Claimants need to ensure that their applications tick all the boxes before being submitted, to avoid unnecessary disappointment and wasting the application fee.

If in doubt – seek expert assistance from Adjudicate Assist.

Knowing your contracts: Vital to success in adjudication

As crazy as it sounds, it is not uncommon for claimants to be unsure who they are contracted with. This is particularly the case with oral contracts but not exclusively so.

Furthermore, knowing exactly who you are working for takes on greater importance if your claim goes to adjudication, as you must have a clear idea of who to serve documents on and who is liable to make payment. Incorrectly identifying your contractual partner may have jurisdictional ramifications.

In a recent adjudication we found that the principal named in the contract did not actually exist. The contract contained a myriad of references to non-existing entities, incorrect ABN & ACN numbers and an incorrect QBCC license number. Additionally, a legal practice purported to represent the non-existent legal entity which raised potentially significant problems for that legal practice.

Fortunately we were able to convince the adjudicator as to who the respondent was and the adjudication decision was made wholly in the claimant’s favour.

Before signing a contract or undertaking any work it is advisable to clarify who exactly you are contracting with. This should be a relatively simple exercise and will avoid potential problems down the track.

If in doubt – seek expert assistance from Adjudicate Assist.

Service of documents under BCIPA

Adjudicate Assist understand that the service of documents under the Building and Construction Industry Payments Act (“BCIPA”) – such as  payment claims, payment schedules, adjudication applications and responses  – can often be a confusing process.

The objective of this post is to clear up some of this confusion and help you understand the importance of proper service of documents as well as how to serve documents properly.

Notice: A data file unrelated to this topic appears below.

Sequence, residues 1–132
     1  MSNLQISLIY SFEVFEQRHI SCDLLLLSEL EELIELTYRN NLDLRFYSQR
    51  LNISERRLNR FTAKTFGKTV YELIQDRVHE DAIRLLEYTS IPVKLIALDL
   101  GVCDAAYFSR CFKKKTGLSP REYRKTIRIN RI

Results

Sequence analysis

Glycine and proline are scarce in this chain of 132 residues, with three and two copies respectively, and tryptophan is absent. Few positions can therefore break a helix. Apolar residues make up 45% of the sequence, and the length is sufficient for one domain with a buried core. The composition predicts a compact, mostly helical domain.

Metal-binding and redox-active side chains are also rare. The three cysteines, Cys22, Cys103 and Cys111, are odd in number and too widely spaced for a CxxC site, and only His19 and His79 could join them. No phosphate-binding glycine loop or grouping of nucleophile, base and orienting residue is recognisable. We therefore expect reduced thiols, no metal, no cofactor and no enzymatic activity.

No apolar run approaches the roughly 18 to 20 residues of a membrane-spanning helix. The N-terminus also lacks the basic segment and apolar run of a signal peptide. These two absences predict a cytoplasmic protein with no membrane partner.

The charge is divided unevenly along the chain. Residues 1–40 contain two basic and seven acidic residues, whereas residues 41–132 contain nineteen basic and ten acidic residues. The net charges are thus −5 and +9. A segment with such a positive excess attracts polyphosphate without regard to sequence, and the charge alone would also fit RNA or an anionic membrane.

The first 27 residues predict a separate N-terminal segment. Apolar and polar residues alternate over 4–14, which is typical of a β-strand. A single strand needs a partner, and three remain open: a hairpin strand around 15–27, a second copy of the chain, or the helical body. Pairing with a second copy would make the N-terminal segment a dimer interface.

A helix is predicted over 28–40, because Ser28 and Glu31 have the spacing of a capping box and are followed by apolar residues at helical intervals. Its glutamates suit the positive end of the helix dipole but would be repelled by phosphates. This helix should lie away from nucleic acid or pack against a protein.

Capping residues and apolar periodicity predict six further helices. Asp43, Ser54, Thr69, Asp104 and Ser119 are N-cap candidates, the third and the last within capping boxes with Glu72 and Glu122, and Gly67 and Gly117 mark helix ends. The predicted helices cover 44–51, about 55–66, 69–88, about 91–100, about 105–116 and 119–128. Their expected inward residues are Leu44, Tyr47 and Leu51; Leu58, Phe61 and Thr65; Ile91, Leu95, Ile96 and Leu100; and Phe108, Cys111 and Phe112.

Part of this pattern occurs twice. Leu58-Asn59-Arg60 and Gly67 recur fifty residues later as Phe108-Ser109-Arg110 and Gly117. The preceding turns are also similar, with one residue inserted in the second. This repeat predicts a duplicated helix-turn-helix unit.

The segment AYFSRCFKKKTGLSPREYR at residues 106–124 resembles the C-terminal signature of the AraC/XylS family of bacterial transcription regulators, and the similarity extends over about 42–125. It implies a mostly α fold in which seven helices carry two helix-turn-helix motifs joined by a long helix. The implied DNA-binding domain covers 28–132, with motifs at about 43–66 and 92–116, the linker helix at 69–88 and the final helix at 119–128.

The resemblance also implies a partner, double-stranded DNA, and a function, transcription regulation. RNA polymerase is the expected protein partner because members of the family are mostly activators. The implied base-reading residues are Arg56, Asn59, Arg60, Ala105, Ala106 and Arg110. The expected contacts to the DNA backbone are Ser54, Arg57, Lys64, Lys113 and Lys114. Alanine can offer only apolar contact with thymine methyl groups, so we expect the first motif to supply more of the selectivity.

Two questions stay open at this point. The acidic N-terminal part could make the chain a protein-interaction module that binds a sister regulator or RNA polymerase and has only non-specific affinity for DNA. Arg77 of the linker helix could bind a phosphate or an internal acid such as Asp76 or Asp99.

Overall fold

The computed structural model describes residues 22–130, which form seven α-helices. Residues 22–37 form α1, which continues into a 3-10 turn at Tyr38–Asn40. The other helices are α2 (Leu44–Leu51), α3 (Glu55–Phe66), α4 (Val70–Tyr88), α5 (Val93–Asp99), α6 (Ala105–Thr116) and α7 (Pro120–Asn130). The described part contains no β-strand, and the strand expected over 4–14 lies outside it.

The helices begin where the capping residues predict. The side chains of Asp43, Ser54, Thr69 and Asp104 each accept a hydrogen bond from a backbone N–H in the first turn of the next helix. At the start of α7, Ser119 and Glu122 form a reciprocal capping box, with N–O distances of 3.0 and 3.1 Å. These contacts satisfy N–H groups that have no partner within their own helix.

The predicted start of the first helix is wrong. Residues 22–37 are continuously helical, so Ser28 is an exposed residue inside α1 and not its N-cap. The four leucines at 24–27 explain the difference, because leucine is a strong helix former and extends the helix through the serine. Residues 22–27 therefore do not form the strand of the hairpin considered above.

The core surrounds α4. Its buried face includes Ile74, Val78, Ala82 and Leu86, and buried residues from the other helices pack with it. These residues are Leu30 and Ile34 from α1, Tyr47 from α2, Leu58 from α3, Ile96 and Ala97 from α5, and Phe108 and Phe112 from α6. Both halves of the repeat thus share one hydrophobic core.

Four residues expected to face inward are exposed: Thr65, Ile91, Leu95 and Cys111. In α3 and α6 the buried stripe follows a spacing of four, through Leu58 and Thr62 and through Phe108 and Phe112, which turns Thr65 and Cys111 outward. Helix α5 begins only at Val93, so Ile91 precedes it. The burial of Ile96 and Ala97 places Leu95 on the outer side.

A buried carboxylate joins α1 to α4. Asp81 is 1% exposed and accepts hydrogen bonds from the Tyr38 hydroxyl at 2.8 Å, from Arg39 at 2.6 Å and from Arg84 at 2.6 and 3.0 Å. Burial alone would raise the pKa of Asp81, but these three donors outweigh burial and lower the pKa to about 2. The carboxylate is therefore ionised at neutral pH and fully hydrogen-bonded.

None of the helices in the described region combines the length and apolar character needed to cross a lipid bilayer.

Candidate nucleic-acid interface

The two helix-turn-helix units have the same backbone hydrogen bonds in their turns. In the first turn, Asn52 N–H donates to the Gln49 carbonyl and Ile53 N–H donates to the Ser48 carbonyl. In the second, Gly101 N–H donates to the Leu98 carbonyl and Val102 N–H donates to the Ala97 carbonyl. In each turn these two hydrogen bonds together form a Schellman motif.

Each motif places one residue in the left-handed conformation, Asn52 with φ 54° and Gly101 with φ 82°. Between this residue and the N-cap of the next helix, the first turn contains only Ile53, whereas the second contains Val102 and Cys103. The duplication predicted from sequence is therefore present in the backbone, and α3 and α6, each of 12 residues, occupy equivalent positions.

To clear up what we mean by service, we’re talking about the delivery of documents on an intended recipient. A good example is the simply act of sending a payment claim to a respondent – the act of doing this is what constitutes serving the payment claim.

Why is service important?

The reason why you should care about proper service of documents is that should your payment claim go to adjudication; a good adjudicator will often request proof of service of important documents (such as the payment claim or a notice of intent to apply for adjudication) in order to establish their own jurisdiction.

If you have not done it correctly, you run the risk of having your adjudication fail on jurisdictional grounds.

What the BCIP Act says and methods of service.

The BCIPA provides for service in the way, if any, provided under the construction contract or under section 39 of the Acts Interpretation Act 1954 or any other relevant law about service.

Popular methods of service include email, post and facsimile, but each have their drawbacks. A good rule of thumb when it comes to service is to refer back to your construction contract, or alternatively, serve as many ways as possible under the circumstances.

Email service can be problematic if not provided for in the construction contract and should not be relied upon on its own as the only method of service.

Posting to a PO Box is also problematic if not provided for in the construction contract and should not be relied upon on its own as the only method of service. A recent Queensland Supreme Court judgement determined that service on a PO Box was not valid service for the purpose of the BCIPA.

Sending by facsimile can be problematic if for example the recipient’s facsimile machine is switched off or not connected. On the other hand as long as you have a confirmation of transmission report, service will be valid even if the recipient does not print out or is unable to print the transmission.

Serve the correct person or entity.

It is vitally important to serve to correct person of entity.

Service of payment claims and adjudication applications must be to the person liable to make payment (the respondent) as specified by the construction contract.